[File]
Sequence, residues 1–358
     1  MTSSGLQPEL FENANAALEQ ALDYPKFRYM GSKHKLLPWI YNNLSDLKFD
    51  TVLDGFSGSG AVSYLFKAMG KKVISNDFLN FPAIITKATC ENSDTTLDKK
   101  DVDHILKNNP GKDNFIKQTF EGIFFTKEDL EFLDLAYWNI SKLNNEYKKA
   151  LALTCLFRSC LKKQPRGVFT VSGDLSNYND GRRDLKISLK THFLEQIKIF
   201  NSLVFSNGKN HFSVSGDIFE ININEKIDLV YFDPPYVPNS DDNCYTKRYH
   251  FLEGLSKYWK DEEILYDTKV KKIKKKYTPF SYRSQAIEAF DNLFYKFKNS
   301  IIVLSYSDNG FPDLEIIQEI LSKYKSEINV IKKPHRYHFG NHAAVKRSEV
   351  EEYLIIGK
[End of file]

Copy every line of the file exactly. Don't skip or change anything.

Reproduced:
Sequence, residues 1–358
     1  MTSSGLQPEL FENANAALEQ ALDYPKFRYM GSKHKLLPWI YNNLSDLKFD
    51  TVLDGFSGSG AVSYLFKAMG KKVISNDFLN FPAIITKATC ENSDTTLDKK
   101  DVDHILKNNP GKDNFIKQTF EGIFFTKEDL EFLDLAYWNI SKLNNEYKKA
   151  LALTCLFRSC LKKQPRGVFT VSGDLSNYND GRRDLKISLK THFLEQIKIF
   201  NSLVFSNGKN HFSVSGDIFE ININEKIDLV YFDPPYVPNS DDNCYTKRYH
   251  FLEGLSKYWK DEEILYDTKV KKIKKKYTPF SYRSQAIEAF DNLFYKFKNS
   301  IIVLSYSDNG FPDLEIIQEI LSKYKSEINV IKKPHRYHFG NHAAVKRSEV
   351  EEYLIIGK